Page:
Happy President’s Day DBC

President Corey has kept tradition but also brought fresh thinking to Biola.

Andrew Oxenham, Writer

Although breaking onto the music scene is incredibly difficult due to sheer number of artists striving to make it big, artists who are attempting to record a sophomore album often face the most difficult challenge of all. New music artists face a distinct challenge in which they must walk a fine line between having their second album sound exactly like the first album, and sounding like a completely different artist. If the former happens, the artist is accused of not having enough creativity, not being able to produce new and improved music. If the latter happens, listeners scratch their heads and wonder who on earth is singing the track they’re listening to. This leap, from freshman to sophomore album has been known to make or break an artist’s career.

Presidents of Biola University, traditionally, have not merely been institutional governors of policy and protocol. Instead, they have become the figurehead of a university that represents Christian academics to the outside world. They assimilate into the college culture, almost becoming a part of the student body. Certain presidents have become a beloved part of Biola culture, whether it is through chapels, through videos, in student projects, or in anything else. So while they serve academic contracts as the president, they must court not only outside financial donors but also the approval of the student body. This task has proved difficult, especially given the rapidly shifting temperaments of a college student body.

Enter Dr. Barry Corey, or DBC as he is affectionately known around campus. In 2007, Corey assumed the role of Biola University’s 8th president. He, like the musical artist, faced the unique and difficult challenge of assuming the presidency directly after beloved president Clyde Cook resigned from the office in 2007. Cook’s presidency had set a tone of kindness, leadership and amiability, which was now the standard by which Corey would need to abide as he assumed the office. However, it wasn’t enough for DBC to just be kind, to lead or to merely be amiable. He needed to be all of those things, keeping the same great virtues that Cook had made a standard while yet bringing a fresh, invigorating new spirit to the office, especially in light of Biola’s 100th year anniversary.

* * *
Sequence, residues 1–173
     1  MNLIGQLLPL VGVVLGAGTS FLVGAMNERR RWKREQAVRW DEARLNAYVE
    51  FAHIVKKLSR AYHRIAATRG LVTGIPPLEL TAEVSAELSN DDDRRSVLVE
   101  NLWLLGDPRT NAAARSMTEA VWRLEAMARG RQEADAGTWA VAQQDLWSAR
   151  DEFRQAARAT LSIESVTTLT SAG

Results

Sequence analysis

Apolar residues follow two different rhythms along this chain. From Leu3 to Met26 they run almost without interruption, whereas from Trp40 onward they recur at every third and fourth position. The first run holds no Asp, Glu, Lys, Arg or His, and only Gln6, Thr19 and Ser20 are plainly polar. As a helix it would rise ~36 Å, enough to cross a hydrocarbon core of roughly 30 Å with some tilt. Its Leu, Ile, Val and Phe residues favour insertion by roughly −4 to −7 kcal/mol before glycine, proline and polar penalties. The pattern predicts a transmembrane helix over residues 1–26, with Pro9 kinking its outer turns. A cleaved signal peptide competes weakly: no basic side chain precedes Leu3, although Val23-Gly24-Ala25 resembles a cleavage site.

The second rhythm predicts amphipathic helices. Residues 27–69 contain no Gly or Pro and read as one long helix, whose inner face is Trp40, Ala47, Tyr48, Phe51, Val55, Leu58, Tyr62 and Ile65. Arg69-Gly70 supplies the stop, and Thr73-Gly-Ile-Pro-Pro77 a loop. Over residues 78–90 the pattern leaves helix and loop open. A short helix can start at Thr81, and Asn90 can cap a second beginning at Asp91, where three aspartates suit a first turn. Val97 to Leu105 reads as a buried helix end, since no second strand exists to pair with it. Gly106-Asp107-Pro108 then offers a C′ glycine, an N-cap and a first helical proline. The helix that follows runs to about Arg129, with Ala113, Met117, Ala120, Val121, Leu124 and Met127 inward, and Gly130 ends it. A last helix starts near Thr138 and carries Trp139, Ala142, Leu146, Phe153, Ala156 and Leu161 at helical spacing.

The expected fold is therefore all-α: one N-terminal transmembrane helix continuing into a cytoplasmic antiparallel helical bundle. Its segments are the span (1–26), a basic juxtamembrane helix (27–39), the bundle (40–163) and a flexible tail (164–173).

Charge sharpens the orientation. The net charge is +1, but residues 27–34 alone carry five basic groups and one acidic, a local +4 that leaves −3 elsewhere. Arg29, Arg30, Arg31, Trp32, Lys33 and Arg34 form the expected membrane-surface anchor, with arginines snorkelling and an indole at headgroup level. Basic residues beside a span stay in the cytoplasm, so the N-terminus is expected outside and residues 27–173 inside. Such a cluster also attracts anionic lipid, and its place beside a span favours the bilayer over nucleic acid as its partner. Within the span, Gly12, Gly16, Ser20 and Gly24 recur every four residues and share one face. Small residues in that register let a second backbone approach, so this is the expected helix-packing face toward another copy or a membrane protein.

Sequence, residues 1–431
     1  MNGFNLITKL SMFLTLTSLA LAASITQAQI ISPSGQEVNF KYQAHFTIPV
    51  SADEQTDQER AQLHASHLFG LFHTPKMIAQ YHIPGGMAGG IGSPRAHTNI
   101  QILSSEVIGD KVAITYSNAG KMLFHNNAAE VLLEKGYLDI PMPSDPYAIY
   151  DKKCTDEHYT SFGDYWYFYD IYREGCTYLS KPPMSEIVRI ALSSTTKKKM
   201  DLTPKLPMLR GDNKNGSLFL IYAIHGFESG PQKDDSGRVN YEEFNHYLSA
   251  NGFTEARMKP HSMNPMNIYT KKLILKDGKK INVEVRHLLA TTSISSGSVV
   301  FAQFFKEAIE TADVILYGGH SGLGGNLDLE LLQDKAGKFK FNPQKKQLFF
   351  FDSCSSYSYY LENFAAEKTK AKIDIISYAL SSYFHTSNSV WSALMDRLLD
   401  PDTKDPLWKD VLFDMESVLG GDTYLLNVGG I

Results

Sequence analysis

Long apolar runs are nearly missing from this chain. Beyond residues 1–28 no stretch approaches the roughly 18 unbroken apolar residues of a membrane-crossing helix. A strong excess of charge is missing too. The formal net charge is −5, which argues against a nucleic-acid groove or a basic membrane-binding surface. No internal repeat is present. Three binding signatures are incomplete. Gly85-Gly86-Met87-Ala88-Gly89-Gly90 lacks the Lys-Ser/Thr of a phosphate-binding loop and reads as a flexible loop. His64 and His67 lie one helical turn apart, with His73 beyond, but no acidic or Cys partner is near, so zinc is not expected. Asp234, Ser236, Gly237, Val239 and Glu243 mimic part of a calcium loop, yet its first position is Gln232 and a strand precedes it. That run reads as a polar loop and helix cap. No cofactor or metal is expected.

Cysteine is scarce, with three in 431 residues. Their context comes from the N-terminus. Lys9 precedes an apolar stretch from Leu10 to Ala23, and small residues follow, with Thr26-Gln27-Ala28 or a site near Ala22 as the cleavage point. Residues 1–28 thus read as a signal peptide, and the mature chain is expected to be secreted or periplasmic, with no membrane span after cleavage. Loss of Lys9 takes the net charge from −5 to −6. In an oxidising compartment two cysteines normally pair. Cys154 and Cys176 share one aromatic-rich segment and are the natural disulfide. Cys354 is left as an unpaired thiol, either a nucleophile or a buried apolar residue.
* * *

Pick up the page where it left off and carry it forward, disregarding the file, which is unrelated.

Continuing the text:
As President’s Day arrives, we reflect back not only on the great presidents of the United States who have led this country through it 214 years but also on what exactly it means to be a president, what the essential characteristics are that separate a good president from a bad one. And we recognize that our president, Dr. Barry Corey is indeed a good president. He has stepped into the cherished role of Biola president and done what great presidents do: he’s kept the time-honored traditions of old, the one’s which students and faculty have come to expect of a good president, while also bringing flourish, charisma and a noble character to the office, winning the hearts of this University. For that Biola is grateful, for that we thank God. Thank you, DBC, and may you continue to uphold the traditions set down by earlier presidents.

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